In the following example, Gelbaum and Olmsted (Counterexamples in Analysis, 1964, p.37) speak of a derivative being “finite but unbounded”.

A function whose derivative is finite but unbounded on a closed interval.

The function $$f(x)=\begin{cases}x^2\sin\dfrac1{x^2}&\text{if }x\neq 0\\ 0&\text{if }x= 0\end{cases}$$ has the derivative $$f'(x)=\begin{cases}2x\sin\dfrac1{x^2}-\dfrac2x\cos\dfrac1{x^2}&\text{if }x\neq 0\\ 0&\text{if }x= 0,\end{cases}$$ which is unbounded on $[-1,1]$.

What does this mean and how is it possible that a quantity is both finite and unbounded?

  • It is probably worth mentioning that in older mathematical literature, finite on a set sometimes meant bounded on the set. In particular, this usage occurs in quite a few of G. H. Hardy's papers (examples). – Dave L. Renfro Oct 19 at 12:40
  • It is not a single “quantity” that is finite and unbounded, but the set of values taken by the derivative. “The derivative is finite”: (the derivative exists everywhere and) each value individually is finite. “The derivative is unbounded”: there is no (finite) bound, i.e. no finite number larger than all of its values. – PJTraill Oct 25 at 13:54
up vote 11 down vote accepted

The term "finite" in this case is stressing the fact that it is "defined", "well defined" or "exists as a real number".

To better understand why this is important, consider the following naive attempt to give an example of a function with unbounded derivative on a closed interval:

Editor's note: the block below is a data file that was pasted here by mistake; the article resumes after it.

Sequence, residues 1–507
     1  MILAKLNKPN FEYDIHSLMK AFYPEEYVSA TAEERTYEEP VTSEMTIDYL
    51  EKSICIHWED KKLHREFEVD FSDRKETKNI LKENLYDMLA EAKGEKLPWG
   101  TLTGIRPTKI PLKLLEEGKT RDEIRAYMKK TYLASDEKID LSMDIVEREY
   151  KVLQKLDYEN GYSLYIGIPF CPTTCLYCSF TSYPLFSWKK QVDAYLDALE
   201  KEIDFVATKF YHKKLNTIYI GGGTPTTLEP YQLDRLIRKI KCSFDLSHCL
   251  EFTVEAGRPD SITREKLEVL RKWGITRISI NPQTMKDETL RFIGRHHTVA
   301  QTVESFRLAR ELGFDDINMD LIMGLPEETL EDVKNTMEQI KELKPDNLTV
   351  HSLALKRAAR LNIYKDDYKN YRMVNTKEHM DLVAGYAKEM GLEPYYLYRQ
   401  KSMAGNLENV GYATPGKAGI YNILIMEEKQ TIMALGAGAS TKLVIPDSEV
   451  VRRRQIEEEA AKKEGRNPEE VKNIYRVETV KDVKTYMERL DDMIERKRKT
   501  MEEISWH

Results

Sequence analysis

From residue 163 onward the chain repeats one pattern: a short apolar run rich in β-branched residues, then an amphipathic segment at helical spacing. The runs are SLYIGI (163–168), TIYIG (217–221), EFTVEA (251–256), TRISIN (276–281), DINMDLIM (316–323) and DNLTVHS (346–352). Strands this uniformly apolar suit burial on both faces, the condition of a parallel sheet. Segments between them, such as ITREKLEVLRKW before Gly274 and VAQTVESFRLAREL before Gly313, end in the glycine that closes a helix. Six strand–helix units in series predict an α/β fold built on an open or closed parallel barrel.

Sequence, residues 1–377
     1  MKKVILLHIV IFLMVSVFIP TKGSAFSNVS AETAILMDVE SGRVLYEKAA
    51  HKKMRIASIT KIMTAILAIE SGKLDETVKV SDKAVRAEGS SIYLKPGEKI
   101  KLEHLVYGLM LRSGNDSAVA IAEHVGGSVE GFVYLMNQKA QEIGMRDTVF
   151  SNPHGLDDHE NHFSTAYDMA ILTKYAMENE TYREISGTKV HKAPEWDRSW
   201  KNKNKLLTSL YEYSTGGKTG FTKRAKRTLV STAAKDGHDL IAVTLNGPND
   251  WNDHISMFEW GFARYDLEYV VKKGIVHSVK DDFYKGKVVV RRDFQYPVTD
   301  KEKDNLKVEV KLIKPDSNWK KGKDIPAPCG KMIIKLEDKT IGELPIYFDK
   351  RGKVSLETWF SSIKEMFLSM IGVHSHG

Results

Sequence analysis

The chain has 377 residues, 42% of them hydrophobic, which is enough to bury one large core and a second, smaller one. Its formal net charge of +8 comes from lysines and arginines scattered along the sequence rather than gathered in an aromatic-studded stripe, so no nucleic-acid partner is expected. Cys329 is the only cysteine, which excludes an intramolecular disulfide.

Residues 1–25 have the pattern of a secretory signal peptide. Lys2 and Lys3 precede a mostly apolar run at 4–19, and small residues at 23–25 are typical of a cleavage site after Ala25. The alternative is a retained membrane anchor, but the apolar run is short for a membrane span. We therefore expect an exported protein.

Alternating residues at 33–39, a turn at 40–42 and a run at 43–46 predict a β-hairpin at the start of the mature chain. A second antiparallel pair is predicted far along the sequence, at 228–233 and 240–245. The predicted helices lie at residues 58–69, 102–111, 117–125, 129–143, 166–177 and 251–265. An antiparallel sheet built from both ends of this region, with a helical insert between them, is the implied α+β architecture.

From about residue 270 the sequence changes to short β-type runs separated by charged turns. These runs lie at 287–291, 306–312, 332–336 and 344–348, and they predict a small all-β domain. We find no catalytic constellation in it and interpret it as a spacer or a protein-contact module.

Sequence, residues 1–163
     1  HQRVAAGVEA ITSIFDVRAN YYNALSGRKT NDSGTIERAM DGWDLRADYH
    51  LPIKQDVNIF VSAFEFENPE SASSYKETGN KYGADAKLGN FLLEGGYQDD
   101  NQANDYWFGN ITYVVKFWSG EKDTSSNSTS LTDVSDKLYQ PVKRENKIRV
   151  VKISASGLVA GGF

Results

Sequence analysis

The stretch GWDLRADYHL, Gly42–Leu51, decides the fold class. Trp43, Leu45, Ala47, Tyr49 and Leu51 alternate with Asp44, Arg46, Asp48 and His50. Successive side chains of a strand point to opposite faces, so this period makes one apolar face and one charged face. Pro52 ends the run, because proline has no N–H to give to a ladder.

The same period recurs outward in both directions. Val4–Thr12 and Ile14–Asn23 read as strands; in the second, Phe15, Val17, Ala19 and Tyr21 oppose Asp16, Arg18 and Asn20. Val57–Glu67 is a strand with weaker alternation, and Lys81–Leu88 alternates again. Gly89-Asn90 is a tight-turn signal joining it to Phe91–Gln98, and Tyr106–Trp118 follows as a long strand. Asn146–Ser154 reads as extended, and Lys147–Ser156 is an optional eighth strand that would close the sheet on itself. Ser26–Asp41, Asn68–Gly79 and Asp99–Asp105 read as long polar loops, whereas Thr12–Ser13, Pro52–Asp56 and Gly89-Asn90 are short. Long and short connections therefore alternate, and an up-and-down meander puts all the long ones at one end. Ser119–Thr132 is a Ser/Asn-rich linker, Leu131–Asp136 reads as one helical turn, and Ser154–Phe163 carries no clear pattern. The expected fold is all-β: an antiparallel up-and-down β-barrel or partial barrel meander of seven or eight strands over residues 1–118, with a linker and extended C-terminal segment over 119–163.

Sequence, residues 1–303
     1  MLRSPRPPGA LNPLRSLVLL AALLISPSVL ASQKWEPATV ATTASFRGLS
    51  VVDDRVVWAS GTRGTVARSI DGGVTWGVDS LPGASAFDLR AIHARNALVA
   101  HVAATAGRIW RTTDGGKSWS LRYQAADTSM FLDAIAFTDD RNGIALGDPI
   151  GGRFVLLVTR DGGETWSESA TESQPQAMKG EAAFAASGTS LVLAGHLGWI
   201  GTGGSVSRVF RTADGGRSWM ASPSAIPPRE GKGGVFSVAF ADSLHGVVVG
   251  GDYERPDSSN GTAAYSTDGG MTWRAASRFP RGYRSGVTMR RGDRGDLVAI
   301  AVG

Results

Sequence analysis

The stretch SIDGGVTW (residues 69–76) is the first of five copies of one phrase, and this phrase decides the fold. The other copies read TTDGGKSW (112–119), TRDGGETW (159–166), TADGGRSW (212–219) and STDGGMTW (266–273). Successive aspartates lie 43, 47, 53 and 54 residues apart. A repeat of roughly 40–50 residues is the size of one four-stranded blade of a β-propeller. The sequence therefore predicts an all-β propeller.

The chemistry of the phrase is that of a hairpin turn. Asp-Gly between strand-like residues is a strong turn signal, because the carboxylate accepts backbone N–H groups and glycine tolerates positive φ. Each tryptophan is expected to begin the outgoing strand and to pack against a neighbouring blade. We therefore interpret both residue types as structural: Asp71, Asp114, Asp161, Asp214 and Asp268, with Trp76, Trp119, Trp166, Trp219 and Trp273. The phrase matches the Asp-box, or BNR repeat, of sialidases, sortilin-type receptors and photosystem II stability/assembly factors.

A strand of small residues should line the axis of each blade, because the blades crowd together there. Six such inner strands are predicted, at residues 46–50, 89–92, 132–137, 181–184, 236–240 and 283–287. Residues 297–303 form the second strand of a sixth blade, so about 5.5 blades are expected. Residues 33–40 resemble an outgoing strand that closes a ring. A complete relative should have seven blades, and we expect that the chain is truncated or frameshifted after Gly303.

$$f(x) = \sqrt{x}$$

The derivative, which is $$\dfrac{1}{2\sqrt{x}}$$ is clearly unbounded in $(0,1]$ but it is not even defined in zero.

The goal of the book is to disallow such examples. It technically could say "defined and unbounded", or even simply "unbounded", but to avoid any ambiguity, it is usual to say "finite and unbounded" here. Some might argue that the derivative is "defined as $\infty$" in zero (as opposed to "utterly undefined" when for example the function is not even continuous at the point), and to avoid any ambiguity the usual wording is "finite" (i.e. it is defined as a real number).

This is actually why that example in your book is interesting. By ruling out the naive examples such as $\sqrt{x}$, one might wonder if there could be any function with unbounded derivative in a closed interval.

I remember perfectly that when my teacher asked this in class, I thought that if such example would exist, surely it would involve a function that gets steeper and steeper, and that it would "end up being infinite in a closed interval" and I answered that it was impossible.

But guess what, it's possible, as the example in your book shows.

The theorem indicates that the derivative of f(x) is finite at $x=0$ and it is unbounded on $[-1,1]$

It is obvious that a finite set is bounded, therefore the author's intention is to show a function which has a finite derivative at $x=0$ but unbounded derivative on the interval [0,1].

The sequence $\{1,2,...\}$ is finite in the sense each term is finite, but the sequence is not bounded in the sense there is no fixed real number $m$ such that all the terms are bouded by this number. Similarly, $f(x)=\frac 1 x$ is finite in $(0,1)$ but it is not bounded. In the above example take $x =\frac 1 {\sqrt {2n\pi}}$ to see that $f'$ is not bounded.

  • 1
    So when (if ever) can a function be said to be infinite? – dtcm840 Oct 19 at 0:30
  • Any real valued function is finite. If you allow the values $\infty$/$-\infty$ at some points then the function is not finite valued. – Kavi Rama Murthy Oct 19 at 0:33

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